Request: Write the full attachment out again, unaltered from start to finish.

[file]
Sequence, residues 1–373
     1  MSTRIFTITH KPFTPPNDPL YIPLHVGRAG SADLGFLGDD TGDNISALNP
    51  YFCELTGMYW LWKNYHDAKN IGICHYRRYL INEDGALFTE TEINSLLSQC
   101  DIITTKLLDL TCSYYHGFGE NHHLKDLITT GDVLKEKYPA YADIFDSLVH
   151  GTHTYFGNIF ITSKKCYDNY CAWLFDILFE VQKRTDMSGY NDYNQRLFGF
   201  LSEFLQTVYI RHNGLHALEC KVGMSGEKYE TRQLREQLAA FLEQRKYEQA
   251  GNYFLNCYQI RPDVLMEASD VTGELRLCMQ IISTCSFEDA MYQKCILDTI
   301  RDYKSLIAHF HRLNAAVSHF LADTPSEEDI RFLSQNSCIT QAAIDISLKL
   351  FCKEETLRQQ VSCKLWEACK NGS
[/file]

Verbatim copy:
Sequence, residues 1–373
     1  MSTRIFTITH KPFTPPNDPL YIPLHVGRAG SADLGFLGDD TGDNISALNP
    51  YFCELTGMYW LWKNYHDAKN IGICHYRRYL INEDGALFTE TEINSLLSQC
   101  DIITTKLLDL TCSYYHGFGE NHHLKDLITT GDVLKEKYPA YADIFDSLVH
   151  GTHTYFGNIF ITSKKCYDNY CAWLFDILFE VQKRTDMSGY NDYNQRLFGF
   201  LSEFLQTVYI RHNGLHALEC KVGMSGEKYE TRQLREQLAA FLEQRKYEQA
   251  GNYFLNCYQI RPDVLMEASD VTGELRLCMQ IISTCSFEDA MYQKCILDTI
   301  RDYKSLIAHF HRLNAAVSHF LADTPSEEDI RFLSQNSCIT QAAIDISLKL
   351  FCKEETLRQQ VSCKLWEACK NGS